Outdoor Faucet Repair – How to Fix It
So simple even a first-time plumber can do it
That dripping faucet isn’t just a water-wasting annoyance. The constant drip contributes to basement or crawl-space dampness, while moist soil attracts ant and termites. But stopping the drip is quick and easy. If you live in a warm climate, your faucet may not be a freeze-proof model like the one shown here, but the steps will be similar.
The valve in a freeze-proof faucet stops the water flow far inside the warm house. That prevents freezing and bursting pipes in the winter.
1. Dismantle the faucet
Remove the screw or nut in the center of the handle and pull the handle off (it may require a hard tug). Then unscrew the packing nut. Some models have two packing nuts. While you loosen the packing nut, hold the faucet steady; you don’t want to twist the whole faucet and loosen connections inside. Wrap pliers with tape to avoid marring the faucet.
2. Remove the stem
Put the handle back on and turn it counterclockwise to remove the stem. Some stems don’t need to be turned but come straight out with a firm pull.
3. Replace the washer
Unscrew the rubber washer at the end of the stem. Take it to a home center to find a match. Then screw on the new washer and reassemble the faucet by reversing the previous steps.
Why outdoor faucets leak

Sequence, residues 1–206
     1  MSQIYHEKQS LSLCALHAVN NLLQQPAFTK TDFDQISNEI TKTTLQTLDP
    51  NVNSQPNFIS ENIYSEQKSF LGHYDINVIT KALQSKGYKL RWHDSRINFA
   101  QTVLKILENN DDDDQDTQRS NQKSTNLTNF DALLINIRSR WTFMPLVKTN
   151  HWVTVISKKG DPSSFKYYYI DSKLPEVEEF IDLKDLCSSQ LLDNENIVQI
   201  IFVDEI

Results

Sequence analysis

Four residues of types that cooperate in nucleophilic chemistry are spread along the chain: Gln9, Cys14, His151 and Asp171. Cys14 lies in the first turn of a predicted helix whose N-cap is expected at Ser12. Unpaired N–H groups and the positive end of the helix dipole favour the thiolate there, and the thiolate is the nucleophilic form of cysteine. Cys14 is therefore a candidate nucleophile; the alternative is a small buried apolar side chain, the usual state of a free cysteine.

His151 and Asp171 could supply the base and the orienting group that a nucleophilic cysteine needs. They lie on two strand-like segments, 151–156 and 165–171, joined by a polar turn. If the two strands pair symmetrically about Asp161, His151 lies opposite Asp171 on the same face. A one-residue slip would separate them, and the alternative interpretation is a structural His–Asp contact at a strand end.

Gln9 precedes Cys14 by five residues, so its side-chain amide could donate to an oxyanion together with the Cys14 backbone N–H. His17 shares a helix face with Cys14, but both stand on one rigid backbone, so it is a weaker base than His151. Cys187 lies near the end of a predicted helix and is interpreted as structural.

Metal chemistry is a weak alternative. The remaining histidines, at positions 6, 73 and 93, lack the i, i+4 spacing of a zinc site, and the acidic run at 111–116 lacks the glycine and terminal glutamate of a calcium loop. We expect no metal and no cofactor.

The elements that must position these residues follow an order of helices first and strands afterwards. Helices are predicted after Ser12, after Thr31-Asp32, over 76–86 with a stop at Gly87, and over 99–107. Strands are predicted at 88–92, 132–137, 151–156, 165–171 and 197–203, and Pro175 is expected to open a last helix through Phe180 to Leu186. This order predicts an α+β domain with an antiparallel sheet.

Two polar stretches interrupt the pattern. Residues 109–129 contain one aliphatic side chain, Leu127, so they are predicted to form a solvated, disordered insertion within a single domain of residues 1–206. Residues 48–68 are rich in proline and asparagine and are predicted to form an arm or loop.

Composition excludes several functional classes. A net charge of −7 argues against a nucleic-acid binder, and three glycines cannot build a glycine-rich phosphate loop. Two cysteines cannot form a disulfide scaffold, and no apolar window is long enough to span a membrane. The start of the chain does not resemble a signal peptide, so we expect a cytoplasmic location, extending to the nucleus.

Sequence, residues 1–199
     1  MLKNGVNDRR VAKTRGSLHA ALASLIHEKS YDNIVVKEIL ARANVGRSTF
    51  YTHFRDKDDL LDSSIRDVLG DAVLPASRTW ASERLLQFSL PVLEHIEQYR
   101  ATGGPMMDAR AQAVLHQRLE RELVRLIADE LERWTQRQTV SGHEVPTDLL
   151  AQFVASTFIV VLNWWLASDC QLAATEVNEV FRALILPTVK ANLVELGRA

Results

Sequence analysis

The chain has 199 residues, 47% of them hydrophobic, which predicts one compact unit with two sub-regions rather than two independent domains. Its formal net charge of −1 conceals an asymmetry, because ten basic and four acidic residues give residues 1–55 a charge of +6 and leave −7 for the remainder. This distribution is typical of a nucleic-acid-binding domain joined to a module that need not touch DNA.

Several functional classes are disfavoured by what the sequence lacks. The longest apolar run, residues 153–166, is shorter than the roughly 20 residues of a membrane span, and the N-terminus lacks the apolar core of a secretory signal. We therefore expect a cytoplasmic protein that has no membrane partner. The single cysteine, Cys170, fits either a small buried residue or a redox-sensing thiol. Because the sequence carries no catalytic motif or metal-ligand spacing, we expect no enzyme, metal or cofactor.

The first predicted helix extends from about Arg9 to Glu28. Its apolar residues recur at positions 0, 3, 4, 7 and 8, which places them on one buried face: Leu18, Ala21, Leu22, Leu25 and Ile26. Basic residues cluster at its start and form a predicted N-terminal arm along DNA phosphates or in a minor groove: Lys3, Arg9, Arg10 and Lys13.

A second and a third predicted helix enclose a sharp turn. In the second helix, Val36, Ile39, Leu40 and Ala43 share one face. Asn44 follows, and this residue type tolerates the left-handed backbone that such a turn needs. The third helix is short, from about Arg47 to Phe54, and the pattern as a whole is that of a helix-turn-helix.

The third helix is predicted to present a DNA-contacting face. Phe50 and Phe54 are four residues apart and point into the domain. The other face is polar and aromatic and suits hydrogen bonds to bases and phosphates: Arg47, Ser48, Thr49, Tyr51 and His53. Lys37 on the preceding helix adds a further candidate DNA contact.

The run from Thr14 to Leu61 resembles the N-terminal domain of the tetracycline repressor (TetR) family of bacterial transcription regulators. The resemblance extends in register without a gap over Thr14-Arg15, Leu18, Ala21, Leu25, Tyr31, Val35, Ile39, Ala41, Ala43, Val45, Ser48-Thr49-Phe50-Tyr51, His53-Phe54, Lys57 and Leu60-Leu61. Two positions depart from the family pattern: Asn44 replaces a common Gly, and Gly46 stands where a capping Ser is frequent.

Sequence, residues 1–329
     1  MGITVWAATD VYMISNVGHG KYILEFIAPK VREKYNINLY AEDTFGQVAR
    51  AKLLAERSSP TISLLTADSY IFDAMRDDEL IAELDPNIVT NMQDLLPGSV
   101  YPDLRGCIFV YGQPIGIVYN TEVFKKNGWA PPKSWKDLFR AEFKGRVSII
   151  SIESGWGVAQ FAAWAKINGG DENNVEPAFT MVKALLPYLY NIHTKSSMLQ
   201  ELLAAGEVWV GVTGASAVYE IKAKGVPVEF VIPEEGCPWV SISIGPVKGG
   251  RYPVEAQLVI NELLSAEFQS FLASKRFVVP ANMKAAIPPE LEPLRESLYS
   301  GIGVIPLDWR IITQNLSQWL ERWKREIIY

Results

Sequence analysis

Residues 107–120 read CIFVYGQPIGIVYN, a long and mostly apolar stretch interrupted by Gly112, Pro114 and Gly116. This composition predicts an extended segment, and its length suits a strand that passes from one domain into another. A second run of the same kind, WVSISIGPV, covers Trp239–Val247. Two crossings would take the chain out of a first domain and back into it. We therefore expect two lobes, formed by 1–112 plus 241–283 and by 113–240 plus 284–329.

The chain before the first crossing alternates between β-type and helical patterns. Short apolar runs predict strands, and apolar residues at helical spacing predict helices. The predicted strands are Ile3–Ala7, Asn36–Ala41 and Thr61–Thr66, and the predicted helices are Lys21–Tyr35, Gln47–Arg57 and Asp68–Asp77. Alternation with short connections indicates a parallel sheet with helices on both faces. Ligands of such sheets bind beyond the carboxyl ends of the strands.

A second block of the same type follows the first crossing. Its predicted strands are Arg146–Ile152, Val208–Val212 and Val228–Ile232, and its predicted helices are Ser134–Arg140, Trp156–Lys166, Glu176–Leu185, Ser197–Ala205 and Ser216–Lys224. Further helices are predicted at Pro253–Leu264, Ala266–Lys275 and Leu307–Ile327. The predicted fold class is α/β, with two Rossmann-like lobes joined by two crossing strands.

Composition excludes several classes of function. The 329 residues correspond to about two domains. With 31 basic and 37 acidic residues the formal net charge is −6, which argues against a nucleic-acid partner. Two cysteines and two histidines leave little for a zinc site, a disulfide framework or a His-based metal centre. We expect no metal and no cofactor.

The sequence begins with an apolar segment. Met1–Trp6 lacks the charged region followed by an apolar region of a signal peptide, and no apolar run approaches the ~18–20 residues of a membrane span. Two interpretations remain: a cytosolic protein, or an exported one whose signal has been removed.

Sometimes, the rubber washer that seals the valve simply wears out. But often, the washer is damaged by overtightening the handle. Here’s how: Even after the valve is completely closed, water continues to trickle out for a couple seconds while the long pipe inside the wall empties. That trickle makes you think that the valve is still open. So you crank the handle harder—and damage the washer. Get in the habit of closing the valve gently, and your washer will last much longer.
How to freeze a freeze-proof faucet
When you leave a garden hose connected to a faucet, it can keep the faucet filled with water, whether the valve is open or closed. Then, when the temperature drops, the faucet will freeze and burst. Don’t ask how I know this.
Instant leak fix
Aside from outdoor faucets, lots of other valves also have packing nuts: small shutoff valves under sinks (shown here), larger shutoff valves, even some old-style kitchen or bath faucets. All of these valves are prone to slow leaks around the valve stem. In most cases, you stop these leaks simply by tightening the packing nut slightly.